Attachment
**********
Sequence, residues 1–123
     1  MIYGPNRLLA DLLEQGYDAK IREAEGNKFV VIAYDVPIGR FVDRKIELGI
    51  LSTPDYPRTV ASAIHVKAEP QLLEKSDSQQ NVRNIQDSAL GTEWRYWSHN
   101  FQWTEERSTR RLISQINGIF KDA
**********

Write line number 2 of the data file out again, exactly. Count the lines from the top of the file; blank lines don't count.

     1  MIYGPNRLLA DLLEQGYDAK IREAEGNKFV VIAYDVPIGR FVDRKIELGI